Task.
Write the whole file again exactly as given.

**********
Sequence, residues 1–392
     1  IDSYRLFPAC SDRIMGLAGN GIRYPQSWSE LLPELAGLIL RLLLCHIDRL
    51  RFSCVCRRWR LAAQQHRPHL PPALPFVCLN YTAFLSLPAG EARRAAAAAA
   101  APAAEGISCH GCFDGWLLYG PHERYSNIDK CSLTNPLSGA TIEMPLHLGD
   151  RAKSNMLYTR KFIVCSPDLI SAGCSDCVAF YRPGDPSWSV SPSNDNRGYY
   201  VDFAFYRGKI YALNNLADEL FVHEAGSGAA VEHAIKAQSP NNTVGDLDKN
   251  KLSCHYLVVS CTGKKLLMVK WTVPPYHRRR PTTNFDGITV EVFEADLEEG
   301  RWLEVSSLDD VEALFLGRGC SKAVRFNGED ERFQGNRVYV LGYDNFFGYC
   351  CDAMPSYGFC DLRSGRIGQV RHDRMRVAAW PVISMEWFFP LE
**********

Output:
Sequence, residues 1–392
     1  IDSYRLFPAC SDRIMGLAGN GIRYPQSWSE LLPELAGLIL RLLLCHIDRL
    51  RFSCVCRRWR LAAQQHRPHL PPALPFVCLN YTAFLSLPAG EARRAAAAAA
   101  APAAEGISCH GCFDGWLLYG PHERYSNIDK CSLTNPLSGA TIEMPLHLGD
   151  RAKSNMLYTR KFIVCSPDLI SAGCSDCVAF YRPGDPSWSV SPSNDNRGYY
   201  VDFAFYRGKI YALNNLADEL FVHEAGSGAA VEHAIKAQSP NNTVGDLDKN
   251  KLSCHYLVVS CTGKKLLMVK WTVPPYHRRR PTTNFDGITV EVFEADLEEG
   301  RWLEVSSLDD VEALFLGRGC SKAVRFNGED ERFQGNRVYV LGYDNFFGYC
   351  CDAMPSYGFC DLRSGRIGQV RHDRMRVAAW PVISMEWFFP LE